The SEC lost six NBA draft picks – No. 1 Ben Simmons (LSU), No. 7 Jamal Murray (Kentucky), No. 17 Wade Baldwin (Vanderbilt), No. 28 Skal Labissiere (Kentucky), No. 30 Damian Jones (Vanderbilt), No. 34 Tyler Ulis (Kentucky) – plus eight other All-SEC players: Retin Obasohan (Alabama), Stefan Moody (Ole Miss), Michael Carrera (South Carolina), Dorian Finney-Smith (Florida), Kevin Punter (Tennessee) and Jalen Jones, Alex Caruso and Danuel House of Texas A&M.
The league added 16 top-100 recruits, per Scout.com’s rankings. Kentucky got five: No. 6 De’Aaron Fox (PG), No. 11 Bam Adebayo (PF), No. 12 Wenyen Gabriel (SF), No. 13 Malik Monk (SG) and No. 27 Sacha Killeya-Jones (PF). Mississippi State, impressively, also got five: No. 47 Schnider Herard (C), No. 60 Mario Kegler (PF), No. 73 Lamar Peters (PG), No. 78 Eli Wright (SG) and No. 80 Tyson Carter (PG).
The rest of the SEC’s blue-chip freshmen: No. 25 Mustapha Heron (SF, Auburn), No. 46 Robert Williams (PF, Texas A&M), No. 55 J.J. Caldwell (PG, Texas A&M), No. 70 Clevon Brown (PF, Vanderbilt), No. 82 Braxton Key (PF, Alabama) and No. 93 Tyree Crump (SG, Georgia).
We love shiny new things, especially in the one-and-done era of college basketball, but several veterans will shape the SEC this season.
Sophomore guard Isaiah Briscoe and senior forward Derek Willis will be the glue that holds another young Kentucky team together. If the Razorbacks earn an NCAA invite for the fifth time in the last 16 years, it’ll be because junior forward Moses Kingsley, preseason SEC Player of the Year, is as good as advertised.
Georgia senior guard J.J. Frazier and junior forward Yante Maten should be among the best inside-out combos in the league. Florida hopes sophomore guard KeVaughn Allen, junior forward Devin Robinson and senior guard Kasey Hill are ready to fulfill their former blue-chip recruiting status. Gators junior center John Egbunu is also as formidable a presence inside as there is in the league.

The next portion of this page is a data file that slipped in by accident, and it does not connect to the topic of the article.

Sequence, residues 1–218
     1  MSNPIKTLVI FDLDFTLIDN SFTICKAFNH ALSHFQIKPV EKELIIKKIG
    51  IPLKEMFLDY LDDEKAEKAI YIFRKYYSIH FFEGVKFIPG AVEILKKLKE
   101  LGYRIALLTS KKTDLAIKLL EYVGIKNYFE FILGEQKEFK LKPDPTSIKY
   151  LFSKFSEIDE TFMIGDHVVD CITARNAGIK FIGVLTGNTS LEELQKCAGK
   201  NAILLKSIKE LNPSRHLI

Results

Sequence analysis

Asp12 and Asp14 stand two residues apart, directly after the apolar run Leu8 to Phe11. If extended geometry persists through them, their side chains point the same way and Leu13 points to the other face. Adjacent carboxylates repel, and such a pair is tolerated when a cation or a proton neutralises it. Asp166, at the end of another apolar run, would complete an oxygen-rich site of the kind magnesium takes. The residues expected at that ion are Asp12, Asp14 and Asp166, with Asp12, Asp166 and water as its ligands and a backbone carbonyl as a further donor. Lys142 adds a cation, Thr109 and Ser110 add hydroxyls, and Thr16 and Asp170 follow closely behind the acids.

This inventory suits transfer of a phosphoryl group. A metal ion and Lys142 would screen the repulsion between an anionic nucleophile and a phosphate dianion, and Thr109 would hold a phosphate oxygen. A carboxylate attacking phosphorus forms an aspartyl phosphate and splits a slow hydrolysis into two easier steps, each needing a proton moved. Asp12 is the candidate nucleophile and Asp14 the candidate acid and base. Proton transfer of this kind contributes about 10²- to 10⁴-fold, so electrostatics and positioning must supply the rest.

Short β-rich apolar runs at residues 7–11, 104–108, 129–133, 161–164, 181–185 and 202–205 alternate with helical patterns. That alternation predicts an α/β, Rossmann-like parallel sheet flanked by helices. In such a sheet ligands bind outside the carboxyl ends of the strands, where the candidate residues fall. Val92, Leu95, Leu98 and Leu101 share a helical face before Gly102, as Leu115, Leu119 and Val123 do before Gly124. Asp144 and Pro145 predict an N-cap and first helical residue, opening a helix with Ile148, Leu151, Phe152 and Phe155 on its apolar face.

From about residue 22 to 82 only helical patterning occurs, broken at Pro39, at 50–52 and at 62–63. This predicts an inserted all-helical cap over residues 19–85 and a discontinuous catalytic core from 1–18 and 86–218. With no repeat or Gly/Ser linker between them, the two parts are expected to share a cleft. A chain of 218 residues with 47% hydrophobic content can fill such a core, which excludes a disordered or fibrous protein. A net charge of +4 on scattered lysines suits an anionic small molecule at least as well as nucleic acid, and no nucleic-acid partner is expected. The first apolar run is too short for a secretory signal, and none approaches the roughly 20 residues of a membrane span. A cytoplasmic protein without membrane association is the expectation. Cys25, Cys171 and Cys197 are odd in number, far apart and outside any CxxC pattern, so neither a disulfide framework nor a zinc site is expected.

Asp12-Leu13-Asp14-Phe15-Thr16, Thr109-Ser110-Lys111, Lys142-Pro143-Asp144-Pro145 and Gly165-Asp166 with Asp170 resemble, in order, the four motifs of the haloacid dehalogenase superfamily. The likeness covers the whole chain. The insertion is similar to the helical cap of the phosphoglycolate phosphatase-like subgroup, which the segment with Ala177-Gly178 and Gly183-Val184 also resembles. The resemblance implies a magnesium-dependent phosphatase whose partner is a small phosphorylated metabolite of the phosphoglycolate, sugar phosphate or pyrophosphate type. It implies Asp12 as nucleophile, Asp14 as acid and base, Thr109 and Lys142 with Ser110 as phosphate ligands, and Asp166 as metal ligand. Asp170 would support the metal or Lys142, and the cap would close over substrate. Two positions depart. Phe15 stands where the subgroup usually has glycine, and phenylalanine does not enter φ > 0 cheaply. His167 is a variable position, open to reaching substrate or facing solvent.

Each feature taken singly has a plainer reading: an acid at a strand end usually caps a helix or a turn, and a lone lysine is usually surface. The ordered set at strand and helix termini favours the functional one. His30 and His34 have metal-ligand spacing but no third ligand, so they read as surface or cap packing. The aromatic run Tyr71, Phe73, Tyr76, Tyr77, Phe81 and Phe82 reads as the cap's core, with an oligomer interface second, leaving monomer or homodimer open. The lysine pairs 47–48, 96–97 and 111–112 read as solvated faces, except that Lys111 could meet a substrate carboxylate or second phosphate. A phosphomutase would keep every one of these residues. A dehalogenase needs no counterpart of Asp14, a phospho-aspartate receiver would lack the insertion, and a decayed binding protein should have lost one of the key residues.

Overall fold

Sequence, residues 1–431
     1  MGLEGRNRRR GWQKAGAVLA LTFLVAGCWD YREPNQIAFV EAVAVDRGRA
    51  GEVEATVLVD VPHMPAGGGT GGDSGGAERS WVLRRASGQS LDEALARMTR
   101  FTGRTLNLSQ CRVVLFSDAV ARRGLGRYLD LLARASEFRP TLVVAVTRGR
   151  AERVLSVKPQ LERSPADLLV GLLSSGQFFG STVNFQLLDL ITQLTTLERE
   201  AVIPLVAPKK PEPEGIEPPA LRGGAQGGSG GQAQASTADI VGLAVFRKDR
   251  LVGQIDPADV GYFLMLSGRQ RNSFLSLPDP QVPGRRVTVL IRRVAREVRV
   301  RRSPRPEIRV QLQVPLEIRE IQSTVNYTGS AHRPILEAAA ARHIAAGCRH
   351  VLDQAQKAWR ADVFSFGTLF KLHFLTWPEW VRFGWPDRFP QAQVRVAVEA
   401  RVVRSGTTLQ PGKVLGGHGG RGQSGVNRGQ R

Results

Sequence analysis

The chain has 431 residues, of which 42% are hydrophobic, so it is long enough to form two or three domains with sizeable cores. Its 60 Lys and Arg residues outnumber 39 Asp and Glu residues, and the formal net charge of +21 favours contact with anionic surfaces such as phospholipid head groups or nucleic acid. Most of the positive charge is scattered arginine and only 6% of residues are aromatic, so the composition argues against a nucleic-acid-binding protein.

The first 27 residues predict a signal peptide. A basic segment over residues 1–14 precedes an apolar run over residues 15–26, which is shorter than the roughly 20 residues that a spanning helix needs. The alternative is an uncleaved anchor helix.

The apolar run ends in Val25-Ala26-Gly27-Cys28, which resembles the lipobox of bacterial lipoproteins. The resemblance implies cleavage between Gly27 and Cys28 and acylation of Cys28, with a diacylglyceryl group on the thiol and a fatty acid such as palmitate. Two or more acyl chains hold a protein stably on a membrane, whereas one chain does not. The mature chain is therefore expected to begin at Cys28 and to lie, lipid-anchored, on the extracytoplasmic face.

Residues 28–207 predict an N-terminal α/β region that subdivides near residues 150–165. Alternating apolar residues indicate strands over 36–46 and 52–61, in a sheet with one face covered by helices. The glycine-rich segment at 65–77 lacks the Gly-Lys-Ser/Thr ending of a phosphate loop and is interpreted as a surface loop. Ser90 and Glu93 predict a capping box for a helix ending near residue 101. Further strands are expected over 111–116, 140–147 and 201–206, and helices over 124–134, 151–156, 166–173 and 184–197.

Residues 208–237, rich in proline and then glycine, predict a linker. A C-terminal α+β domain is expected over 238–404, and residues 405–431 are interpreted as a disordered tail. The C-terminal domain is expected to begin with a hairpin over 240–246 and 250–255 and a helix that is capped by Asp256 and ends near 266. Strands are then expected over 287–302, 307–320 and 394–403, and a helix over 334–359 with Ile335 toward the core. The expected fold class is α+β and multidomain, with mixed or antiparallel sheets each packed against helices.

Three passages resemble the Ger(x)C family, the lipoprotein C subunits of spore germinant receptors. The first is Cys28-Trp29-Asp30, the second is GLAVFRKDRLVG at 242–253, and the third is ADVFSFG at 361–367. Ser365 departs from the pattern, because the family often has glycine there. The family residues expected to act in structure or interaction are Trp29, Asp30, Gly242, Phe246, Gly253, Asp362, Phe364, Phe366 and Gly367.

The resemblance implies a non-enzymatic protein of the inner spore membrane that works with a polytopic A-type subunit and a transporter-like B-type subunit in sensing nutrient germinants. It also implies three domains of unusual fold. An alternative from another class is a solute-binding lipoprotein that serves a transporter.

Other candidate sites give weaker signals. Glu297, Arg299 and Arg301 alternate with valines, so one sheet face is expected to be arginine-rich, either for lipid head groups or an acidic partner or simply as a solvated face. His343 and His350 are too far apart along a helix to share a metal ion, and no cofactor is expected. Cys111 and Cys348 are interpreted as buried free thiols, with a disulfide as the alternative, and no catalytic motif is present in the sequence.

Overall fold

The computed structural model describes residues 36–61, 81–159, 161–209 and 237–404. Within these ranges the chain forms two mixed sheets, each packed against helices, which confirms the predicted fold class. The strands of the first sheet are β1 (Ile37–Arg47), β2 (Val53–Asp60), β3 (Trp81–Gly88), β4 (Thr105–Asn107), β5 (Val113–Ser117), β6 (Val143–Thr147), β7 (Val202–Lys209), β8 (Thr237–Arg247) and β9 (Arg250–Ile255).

Texas A&M sophomore center Tyler Davis – who might be the SEC’s most gifted player outside of Lexington, Ky. – and Vanderbilt senior forward Luke Kornet, both future pros, bear the burden of carrying teams that lost a ton of talent after last season.
Bilas is right, that it’ll help other teams in the league to beat Kentucky, but for the SEC to get real respect, it has to make some noise in the nonconference. Scheduling has improved dramatically, but just playing good teams isn’t enough. Gotta win a few of those marquee matchups.
To that end, opening night is pretty lame for the SEC on Friday – Georgia plays No. 34 Clemson (in Sports Illustrated’s rankings) and Vanderbilt plays No. 51 Marquette, and that’s about it – but there are many chances for credibility-building wins the rest of the way.
Kentucky will face (again from the SI rankings) No. 2 Kansas, No. 6 North Carolina, No. 13 Louisville, No. 16 UCLA and No. 28 Michigan State. Tennessee gets No. 6 UNC, No. 8 Wisconsin and No. 9 Gonzaga. Florida plays No. 1 Duke and No. 40 Oklahoma. South Carolina will see No. 14 Syracuse and No. 23 Michigan. Georgia, Arkansas and Alabama all face No. 25 Texas, while the Crimson Tide also will tackle No. 4 Oregon.
So the formula for improving the league’s profile is simple: Beat somebody.
How will it all shake out? We peeked into the crystal ball and gave it a shot:
NCAA Tournament teams: Kentucky, Florida, Texas A&M, Georgia, Arkansas, South Carolina (Yeah, we did it, picked six SEC teams to make The Dance. That hasn’t happened since 2008. But the breakthrough has to happen sometime, right?)
Coach of the Year: John Calipari, Kentucky (Non-UK Division: Mike White, Florida)
Player of the Year: De’Aaron Fox, Kentucky (Non-UK Division: Tyler Davis, Texas A&M)
Defensive Player of the Year: Isaiah Briscoe, Kentucky (Non-UK Division: Moses Kingsley, Arkansas)
Freshman of the Year: Malik Monk, Kentucky (Non-UK Division: Tyree Crump, Georgia)
Highest draft pick: Bam Adebayo, Kentucky (Non-UK Division: Devin Robinson, Florida)
Final Four: Kentucky, Duke, Oregon, Kansas